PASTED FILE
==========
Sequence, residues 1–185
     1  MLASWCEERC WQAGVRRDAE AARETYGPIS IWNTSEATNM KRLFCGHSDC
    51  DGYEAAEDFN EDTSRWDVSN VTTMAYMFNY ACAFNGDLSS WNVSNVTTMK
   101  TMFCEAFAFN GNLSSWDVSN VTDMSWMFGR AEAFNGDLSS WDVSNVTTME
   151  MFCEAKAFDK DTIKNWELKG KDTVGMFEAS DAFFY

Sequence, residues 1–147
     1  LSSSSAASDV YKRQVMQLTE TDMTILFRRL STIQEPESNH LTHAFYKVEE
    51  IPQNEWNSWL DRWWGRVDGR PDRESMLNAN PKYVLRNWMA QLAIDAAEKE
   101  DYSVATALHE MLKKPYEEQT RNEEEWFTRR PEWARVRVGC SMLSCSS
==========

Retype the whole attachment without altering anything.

Sequence, residues 1–185
     1  MLASWCEERC WQAGVRRDAE AARETYGPIS IWNTSEATNM KRLFCGHSDC
    51  DGYEAAEDFN EDTSRWDVSN VTTMAYMFNY ACAFNGDLSS WNVSNVTTMK
   101  TMFCEAFAFN GNLSSWDVSN VTDMSWMFGR AEAFNGDLSS WDVSNVTTME
   151  MFCEAKAFDK DTIKNWELKG KDTVGMFEAS DAFFY

Sequence, residues 1–147
     1  LSSSSAASDV YKRQVMQLTE TDMTILFRRL STIQEPESNH LTHAFYKVEE
    51  IPQNEWNSWL DRWWGRVDGR PDRESMLNAN PKYVLRNWMA QLAIDAAEKE
   101  DYSVATALHE MLKKPYEEQT RNEEEWFTRR PEWARVRVGC SMLSCSS